Are There Advantages to a Bilingual Education?
By Karen W. Loerch, Literacy Coordinator, The Mid-State Literacy Council
In 2020, we are starting a new series for our blog about the smart technology that all of us own – our brains. We kick off with an article about the benefits of knowing a second language. Stay tuned for more in the year ahead…
A cognitive neuroscientist, Ellen Bialystok, has been studying the advantages of being bilingual for over 40 years. Dr. Bialystok is a distinguished research professor of psychology at York University in Toronto. She was awarded a $100,000 Killam Prize for her contributions to social science. Her research was rather astounding, so I delved into it. According to Dr. Bialystok, the regular use of two languages may delay the onset of Alzheimer’s disease. In her interview, she explained how the bilingual brain works:
There’s a system in your brain, the executive control system. It’s a general manager. Its job is to keep you focused on what is relevant, while ignoring distractions. It’s what makes it possible for you to hold two different things in your mind at one time and switch between them. If you have two languages and you use them regularly, the way the brain’s networks work is that every time you speak, both languages pop up and the executive control system has to sort through everything and attend to what’s relevant in the moment. Therefore, the bilinguals use that system more, and it’s that regular use that makes that system more efficient.
This efficiency, practice, and cultural diversity enable the bilingual brain to have an overall advantage. Dr. Bialystok emphasized two benefits of bilingualism. One is that people pass their heritage language onto their children, thereby connecting children to their ancestors. The second is that research proves that bilingualism is good for your brain because it makes it stronger.
I think the most impressive conclusion in the research was the connection to Alzheimer’s. The researchers did two kinds of studies. In the first, published in 2004, they found that normally aging bilinguals had better cognitive functioning and more success working on executive control tasks. These results surprised the researchers because they realized these results were never accounted for before. In the next study, they looked at the medical records of 400 Alzheimer’s patients. On average, the bilinguals showed Alzheimer’s symptoms five or six years later than monolinguals. The results showed the bilingual adults coping better with the disease because the onset was later which gave them more years with higher brain function.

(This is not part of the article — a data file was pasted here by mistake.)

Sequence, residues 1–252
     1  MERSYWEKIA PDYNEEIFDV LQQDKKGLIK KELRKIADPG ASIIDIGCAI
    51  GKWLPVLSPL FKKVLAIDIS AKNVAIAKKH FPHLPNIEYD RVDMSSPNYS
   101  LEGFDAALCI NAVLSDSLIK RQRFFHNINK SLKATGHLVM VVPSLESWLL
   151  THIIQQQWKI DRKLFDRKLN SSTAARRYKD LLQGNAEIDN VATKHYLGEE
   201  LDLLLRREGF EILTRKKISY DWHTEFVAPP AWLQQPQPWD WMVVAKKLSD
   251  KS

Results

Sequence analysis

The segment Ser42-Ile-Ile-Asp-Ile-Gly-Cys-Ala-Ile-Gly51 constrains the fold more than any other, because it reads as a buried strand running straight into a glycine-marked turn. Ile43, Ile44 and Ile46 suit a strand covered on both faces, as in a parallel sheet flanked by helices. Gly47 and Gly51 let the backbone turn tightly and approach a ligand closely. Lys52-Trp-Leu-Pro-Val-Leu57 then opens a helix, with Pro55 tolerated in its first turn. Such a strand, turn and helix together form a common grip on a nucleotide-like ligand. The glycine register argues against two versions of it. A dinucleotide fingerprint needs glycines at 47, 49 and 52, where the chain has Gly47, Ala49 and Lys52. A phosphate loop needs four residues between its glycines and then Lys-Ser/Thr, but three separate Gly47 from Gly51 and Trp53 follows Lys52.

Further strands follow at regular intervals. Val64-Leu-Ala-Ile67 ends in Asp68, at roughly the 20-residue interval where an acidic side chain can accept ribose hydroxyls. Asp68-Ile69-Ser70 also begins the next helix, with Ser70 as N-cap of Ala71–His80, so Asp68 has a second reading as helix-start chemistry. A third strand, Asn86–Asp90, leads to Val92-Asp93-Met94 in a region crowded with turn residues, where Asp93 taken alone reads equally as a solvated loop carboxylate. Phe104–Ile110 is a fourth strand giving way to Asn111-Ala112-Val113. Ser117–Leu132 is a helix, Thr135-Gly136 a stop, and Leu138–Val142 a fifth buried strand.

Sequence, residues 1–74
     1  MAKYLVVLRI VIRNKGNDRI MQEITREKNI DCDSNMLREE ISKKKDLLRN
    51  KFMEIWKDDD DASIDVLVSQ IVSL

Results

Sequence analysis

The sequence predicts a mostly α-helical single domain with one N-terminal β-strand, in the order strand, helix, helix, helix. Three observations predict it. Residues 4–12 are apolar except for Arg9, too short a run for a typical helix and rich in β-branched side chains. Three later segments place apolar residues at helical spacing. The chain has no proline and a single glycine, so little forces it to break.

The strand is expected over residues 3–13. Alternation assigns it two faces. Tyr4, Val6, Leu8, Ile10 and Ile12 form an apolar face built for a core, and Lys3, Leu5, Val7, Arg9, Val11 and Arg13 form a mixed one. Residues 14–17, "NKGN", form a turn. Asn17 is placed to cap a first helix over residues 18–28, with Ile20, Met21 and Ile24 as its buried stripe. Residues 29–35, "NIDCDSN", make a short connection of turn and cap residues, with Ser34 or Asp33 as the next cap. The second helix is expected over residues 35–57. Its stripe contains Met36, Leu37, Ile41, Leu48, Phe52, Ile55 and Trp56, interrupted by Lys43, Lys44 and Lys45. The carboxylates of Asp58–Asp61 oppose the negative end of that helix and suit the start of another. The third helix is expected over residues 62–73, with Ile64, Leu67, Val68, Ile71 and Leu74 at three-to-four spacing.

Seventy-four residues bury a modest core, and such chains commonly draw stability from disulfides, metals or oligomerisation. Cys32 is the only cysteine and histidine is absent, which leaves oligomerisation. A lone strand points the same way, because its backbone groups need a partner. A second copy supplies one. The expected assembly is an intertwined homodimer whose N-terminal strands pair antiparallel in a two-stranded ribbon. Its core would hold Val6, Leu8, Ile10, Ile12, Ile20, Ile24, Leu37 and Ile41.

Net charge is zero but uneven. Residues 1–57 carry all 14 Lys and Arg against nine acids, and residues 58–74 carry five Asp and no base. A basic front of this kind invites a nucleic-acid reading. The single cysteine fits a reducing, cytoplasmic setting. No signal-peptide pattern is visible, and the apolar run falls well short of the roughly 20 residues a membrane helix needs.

In a more recent study in 2017, the results were quite similar to the previous studies which again revealed more evidence to support the idea that education can lead to a better quality of life as we age.
So why not make a resolution to retrain your brain this year, discover a new craft, explore a new interest – maybe even learn a new language? Many of the adults who come to Mid-State do just that, whether they are 18 or 82. In today’s world, no can afford to stop learning. Celebrate your brain this year and start a learning journey toward wellness and newfound knowledge. There’s a whole world to choose from. Bon voyage!
Dreifus, C. (2011, May 30). The bilingual advantage. Retrieved from https://www.nytimes.com/2011/05/31/science/31conversation.html
NeuroImage. Volume 167, 15 February 2018, Pages 143-150. Effects of bilingualism on white matter integrity in older adults